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John Main

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15
May '12

It amazes me how many people online are saying that CSS won’t natively support columns of data using lists. Everything from tables to Javascript functions are being suggested but it’s actually very very simple to do. To make the LI elements within and OL or UL list arrange themselves into two equal columns all you need to do is this:

li {
float: left;
width: 50%;
}

Equally to arrange themselves into three columns you just need to adjust the width value like so:

li {
float: left;
width: 33.3%;
}

I’m sure you’re getting the idea!

15
May '12

In my opinion one of the big glaring fails in CSS is the lack of ability to make an element expand to fill the remaining space within its parent container. So often, particularly in mobile design, in order to build as flexible a layout as possible I want to let one element be the size it needs to be and have another fill the remaining space. That’s what this jQuery plugin does.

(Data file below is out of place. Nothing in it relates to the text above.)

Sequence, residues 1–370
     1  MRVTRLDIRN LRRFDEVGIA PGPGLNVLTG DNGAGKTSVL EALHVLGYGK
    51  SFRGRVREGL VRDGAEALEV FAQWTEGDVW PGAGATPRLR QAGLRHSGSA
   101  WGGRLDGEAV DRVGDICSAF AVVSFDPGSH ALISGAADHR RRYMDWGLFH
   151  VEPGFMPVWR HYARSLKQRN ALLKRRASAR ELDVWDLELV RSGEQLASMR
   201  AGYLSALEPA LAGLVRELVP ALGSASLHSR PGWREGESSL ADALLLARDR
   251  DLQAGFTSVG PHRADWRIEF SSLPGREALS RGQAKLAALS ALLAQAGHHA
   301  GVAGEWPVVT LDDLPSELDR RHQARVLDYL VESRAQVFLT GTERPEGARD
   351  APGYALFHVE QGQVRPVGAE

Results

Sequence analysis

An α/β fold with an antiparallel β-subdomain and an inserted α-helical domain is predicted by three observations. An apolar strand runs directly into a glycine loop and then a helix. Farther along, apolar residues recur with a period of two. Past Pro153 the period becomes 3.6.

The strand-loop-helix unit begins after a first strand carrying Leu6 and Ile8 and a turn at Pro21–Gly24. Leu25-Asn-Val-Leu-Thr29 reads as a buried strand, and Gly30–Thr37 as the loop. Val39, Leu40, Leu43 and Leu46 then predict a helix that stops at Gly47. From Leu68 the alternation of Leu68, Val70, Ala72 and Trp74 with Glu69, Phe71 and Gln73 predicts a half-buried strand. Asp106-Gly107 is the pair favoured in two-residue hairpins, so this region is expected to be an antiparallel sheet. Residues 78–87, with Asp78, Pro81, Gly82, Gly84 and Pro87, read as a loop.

This version works for filling the remaining height, but I’m sure you can see how easy it is to change it to work for widths.

(function($) {
$.fn.dynamicElement = function() {
options = jQuery.extend({
spacing: 20
}, options);
this.each(function() {
var sibling_height = 0;
$(this).siblings().each(function() {
sibling_height += $(this).outerHeight(true);
});
var parent_height = $(this).parent().innerHeight();
$(this).height(parent_height - sibling_height - options.spacing);
});
}
})(jQuery);

Options
spacing – adds an extra gap. Do bear in mind though that the position of this gap will be dependent on how you have aligned your elements.

Calling the Function

$('.element').dynamicElement();
$('.element').dynamicElement({ spacing: 50 });